Of all the events, institutions, and people that characterize the Old Testament – patriarchs, crossing the Red Sea, Passover, covenants, priests, prophets, kings, Jerusalem Temple, etc. - “law” is one that really stands out. By “law”, we refer to the Decalogue, the various law codes preserved in the Pentateuch, and the new laws and customs of the emerging Judaism in the later years of Israel’s history (see New Jerome Biblical Commentary 67:132). St. Paul simply generalized the Old Testament as a time when men were “under the law” (Rm 6:15).
The exhortation to observe the law, expounded so forcefully by Moses in Dt. 4:1-8, is a resounding theme in the OT books. The rule was straightforward: if Israel obeyed God and kept His commandments, statues and decrees, they would live and receive God’s blessing; if not, they would perish (cf. Dt. 30:15-17). But try as they might, the people of Israel just couldn’t muster up enough will to follow Moses’ exhortation sincerely and persistently. The result was as straightforward as the rule: God’s punishment in the form of exile and generations of repressive foreign domination.
To rub salt into the wound, the legal corpus itself was tainted over time by what Jesus called “human precepts” and “human tradition” (Mk. 7:7-8) that were often trivial and even unreasonable. By Jesus’ time the whole system smacked of hypocrisy and legalism that favored the elite and powerful. No wonder as far back as the exilic time, the prophet Ezekiel had referred to such laws as “statutes that were not good, and ordinances through which they could not live” (Eze. 20:25).
So what are we supposed to make of this puzzling biblical account that spanned more than a millennium of Israel’s history and formed the backbone of OT teaching? One that appeared to be just a futile divine exercise: God imposed on men His law, warning that failure to follow would bring punishments; men failed to follow God’s law and sure enough they got punished; and finally the law itself became trivialized, burdensome, incomprehensible, and unreasonable. (Sounds familiar? Yes, that's just the nature of all laws, the result of legalism.)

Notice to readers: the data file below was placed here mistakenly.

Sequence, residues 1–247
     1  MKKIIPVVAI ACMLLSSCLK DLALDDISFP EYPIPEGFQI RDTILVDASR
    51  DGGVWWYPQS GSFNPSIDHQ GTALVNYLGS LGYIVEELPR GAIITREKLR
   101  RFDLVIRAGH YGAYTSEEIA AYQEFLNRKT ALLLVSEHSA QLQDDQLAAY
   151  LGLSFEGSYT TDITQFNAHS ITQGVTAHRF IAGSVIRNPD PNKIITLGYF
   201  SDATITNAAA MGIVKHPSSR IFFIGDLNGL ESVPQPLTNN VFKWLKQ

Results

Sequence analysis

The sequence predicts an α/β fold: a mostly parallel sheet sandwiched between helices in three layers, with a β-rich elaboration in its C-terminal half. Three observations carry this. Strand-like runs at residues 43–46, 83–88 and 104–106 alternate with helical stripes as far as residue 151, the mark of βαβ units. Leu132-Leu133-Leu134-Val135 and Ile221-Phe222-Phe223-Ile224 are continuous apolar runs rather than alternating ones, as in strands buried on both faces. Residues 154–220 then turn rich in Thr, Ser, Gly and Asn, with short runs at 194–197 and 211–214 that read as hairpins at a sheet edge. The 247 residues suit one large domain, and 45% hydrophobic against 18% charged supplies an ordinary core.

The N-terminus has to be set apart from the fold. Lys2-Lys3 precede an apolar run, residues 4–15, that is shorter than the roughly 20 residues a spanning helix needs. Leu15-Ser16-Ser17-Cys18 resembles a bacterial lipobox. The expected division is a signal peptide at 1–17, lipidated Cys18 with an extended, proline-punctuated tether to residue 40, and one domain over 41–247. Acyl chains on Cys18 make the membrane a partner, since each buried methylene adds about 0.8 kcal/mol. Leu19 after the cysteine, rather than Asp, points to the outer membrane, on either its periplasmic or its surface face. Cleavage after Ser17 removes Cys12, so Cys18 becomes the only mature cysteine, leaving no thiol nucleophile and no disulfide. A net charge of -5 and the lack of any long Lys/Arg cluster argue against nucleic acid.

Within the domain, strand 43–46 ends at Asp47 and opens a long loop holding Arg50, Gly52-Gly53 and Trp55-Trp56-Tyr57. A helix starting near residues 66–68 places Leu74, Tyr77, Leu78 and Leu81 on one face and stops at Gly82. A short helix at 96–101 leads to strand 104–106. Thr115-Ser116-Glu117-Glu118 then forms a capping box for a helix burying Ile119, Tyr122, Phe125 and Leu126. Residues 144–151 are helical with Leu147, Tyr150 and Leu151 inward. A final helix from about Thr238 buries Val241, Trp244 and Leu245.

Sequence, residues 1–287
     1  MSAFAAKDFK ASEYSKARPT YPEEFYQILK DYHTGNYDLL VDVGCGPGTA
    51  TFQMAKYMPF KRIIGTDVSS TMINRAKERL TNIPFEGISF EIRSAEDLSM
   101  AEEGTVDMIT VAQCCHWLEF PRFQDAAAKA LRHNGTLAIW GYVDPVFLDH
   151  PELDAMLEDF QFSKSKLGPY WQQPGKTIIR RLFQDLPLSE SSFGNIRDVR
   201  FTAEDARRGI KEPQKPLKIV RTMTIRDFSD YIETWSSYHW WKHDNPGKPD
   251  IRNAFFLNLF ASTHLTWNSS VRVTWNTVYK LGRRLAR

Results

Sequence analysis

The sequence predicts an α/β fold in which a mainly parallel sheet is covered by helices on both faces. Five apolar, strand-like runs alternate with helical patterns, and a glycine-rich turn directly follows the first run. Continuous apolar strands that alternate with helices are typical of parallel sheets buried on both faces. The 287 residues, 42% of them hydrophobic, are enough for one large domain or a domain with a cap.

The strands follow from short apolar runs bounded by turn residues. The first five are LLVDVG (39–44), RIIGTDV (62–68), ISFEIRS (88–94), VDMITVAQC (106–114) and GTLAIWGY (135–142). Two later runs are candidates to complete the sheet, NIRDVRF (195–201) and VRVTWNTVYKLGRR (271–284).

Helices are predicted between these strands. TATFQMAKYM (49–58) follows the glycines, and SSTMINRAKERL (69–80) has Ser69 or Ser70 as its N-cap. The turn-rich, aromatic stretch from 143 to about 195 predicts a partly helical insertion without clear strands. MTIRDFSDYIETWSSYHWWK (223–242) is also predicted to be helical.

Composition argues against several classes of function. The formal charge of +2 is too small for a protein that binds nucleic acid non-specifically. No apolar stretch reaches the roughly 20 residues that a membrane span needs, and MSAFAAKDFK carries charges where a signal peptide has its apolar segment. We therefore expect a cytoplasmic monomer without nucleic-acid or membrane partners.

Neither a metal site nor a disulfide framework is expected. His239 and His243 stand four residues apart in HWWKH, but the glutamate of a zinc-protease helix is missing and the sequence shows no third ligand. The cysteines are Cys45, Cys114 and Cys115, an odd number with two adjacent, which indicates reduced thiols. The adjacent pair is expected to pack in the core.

The lesson to be learned is that man cannot achieve goodness, least of all perfection and holiness, by relying on his own effort to follow the law. Since time immemorial, the ultimate human dream was to be self-sufficient, to be in control of his own destiny, to become like God or, to be more succinct, to become God. This story of human pride has been foretold and summed up in the Garden of Eden account, in which man desired to see and know like God (cf. Gen 3:6); as well as in the Babel tower account that portrayed man’s desire to reach the sky (cf. Gen 11:4). The reason for man’s misery was his heart, which was twisted, rebellious, and in need of healing. Man was in dire need of a “heart surgery”, the procedures and benefits of which had been listed in detail by Ezekiel: “I will sprinkle clean water upon you to cleanse you from all your impurities, and from all your idols I will cleanse you. I will give you a new heart and place a new spirit within you, taking from your bodies your stony hearts and giving you [hearts of flesh]. I will put my spirit within you and make you live by my statutes, careful to observe my decrees” (Eze. 36:25-27).
The Holy Spirit, in other words, is our surgeon in charge; the medicine that untwists or cleanses our hearts is not antibiotics and steroids but the purity of baptismal water! With hearts made of flesh and filled with the Holy Spirit, we will be able to observe God’s law as statutes and ordinances “written not in ink but by the Spirit of the living God, not on tablets of stone but on tablets that are hearts of flesh” (2 Cor 3:3).
Still, why did God go through all these troubles of putting Israel “under the law” (Rm. 6:15) to begin with? Why not give them the solution outlined in Ezekiel’s prophesy above from day one? As usual, it’s St. Augustine who came to our rescue by answering this difficult question in one simple statement: “The law was given that grace might be sought; and grace was given that the law might be fulfilled” (De Spiritu et Littera, 19, 34: CSEL 60, 187). Man’s attempt to fulfill the requirements of law on his own was a complete failure that convinced him what he really needed was grace. What grace? The grace of redemption! In the Lord Jesus Christ, by virtue of his redemptive grace and not our own human effort, we can fulfill, and have already fulfilled, the stern requirements of the law! Alleluia!